2. HCA Art. 57/A para. 1.

  3. Decree 100/2009. (V.8.) of the Government on the detailed rules related to the licensing of certain use of orphan works, Art. 3 para. 1., points (a)–(c). (Hereinafter Government Decree 2009.) The Hungarian Parliament authorized the Government to create the above decree by HCA Art. 57/B para. 4. The decree might be accessible in English language via See further Ficsor, supra note 1, at 14–15.

  4. Government Decree 2009 Art. 2 para. 2.

  5. HCA Art. 57/A para. 2. See further Ficsor, supra note 1, at 16–17.

  6. HCA Art. 57/A para. 6.

  7. On these amounts see Government Decree 2009 Art. 4 paras. (2)–(4).

  8. An application might include several requests, in case all of these relate to the identical use of works of the same subject matter of the same author. See Government Decree 2009, Art. 2 para. 5. In this case the applicant shall pay a one-time administrative service fee, irrespectively of the number of works covered by the application.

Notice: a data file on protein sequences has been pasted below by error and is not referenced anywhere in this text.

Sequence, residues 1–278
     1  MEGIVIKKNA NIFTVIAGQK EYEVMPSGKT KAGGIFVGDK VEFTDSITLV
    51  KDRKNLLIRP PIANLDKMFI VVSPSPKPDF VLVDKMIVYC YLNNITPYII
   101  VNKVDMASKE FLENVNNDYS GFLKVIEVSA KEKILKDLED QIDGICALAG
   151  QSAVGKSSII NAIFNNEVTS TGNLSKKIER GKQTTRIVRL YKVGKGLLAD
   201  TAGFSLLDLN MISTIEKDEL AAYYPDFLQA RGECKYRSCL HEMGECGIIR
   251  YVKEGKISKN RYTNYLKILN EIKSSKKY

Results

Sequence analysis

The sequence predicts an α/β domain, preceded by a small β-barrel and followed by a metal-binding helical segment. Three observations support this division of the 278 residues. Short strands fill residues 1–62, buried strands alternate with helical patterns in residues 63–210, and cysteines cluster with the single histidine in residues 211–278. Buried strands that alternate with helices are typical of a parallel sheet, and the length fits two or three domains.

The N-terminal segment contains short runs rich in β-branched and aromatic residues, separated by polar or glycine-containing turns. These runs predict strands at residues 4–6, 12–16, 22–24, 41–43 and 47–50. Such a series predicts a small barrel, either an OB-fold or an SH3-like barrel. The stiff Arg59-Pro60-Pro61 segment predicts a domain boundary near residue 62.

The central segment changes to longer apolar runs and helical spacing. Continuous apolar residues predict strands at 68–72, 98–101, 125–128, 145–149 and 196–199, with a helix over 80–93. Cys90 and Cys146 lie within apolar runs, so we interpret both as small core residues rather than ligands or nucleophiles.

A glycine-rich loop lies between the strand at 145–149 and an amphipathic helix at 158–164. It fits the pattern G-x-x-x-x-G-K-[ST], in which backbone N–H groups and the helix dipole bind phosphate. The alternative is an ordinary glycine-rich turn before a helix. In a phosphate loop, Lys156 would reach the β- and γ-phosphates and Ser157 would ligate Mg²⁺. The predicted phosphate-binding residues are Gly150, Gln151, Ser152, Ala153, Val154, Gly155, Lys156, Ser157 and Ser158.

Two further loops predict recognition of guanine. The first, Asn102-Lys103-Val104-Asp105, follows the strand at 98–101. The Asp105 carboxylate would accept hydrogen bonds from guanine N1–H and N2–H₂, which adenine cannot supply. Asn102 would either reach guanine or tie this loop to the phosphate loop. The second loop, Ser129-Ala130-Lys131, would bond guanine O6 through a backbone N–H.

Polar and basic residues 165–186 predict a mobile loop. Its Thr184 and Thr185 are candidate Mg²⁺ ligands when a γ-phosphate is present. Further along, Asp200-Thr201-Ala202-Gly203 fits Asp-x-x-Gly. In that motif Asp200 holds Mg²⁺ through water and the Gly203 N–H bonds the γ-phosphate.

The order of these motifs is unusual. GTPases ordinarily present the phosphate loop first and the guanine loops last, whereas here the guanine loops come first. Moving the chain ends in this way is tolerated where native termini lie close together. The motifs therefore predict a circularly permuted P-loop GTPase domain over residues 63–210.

9. Government Decree 2009 Art. 4 para. (6).

  10. HCA Art. 57/A para. 5 sentence 1. This means that the rightholder has maximum 10 years to reappear and request the payment of the remuneration.

  11. This procedure costs HUF 10,500 (approximately € 35). See Government Decree 2009 Art. 4 para. (5).

  12. HCA Art. 57/A para. 3.

  13. HCA Arts. 42–57.

  14. HCA Art. 57/A para. 5 sentences 2 and 4.

  15. HCA Art. 57/A para. 7.

  16. HCA Art. 19.

  17. HCA Arts. 20–21.

  18. HCA Art. 23 para. 6.

  19. HCA Art. 23 para. 3.

  20. HCA Art. 23/A.

  21. HCA Art. 25 paras. 1 and 3.

  22. HCA Art. 26 paras. 6 and 7; Art. 27 paras. 1 and 2.

  23. HCA Art. 26 para. 8.

  24. HCA Art. 66 para. 3.

  25. HCA Art. 70.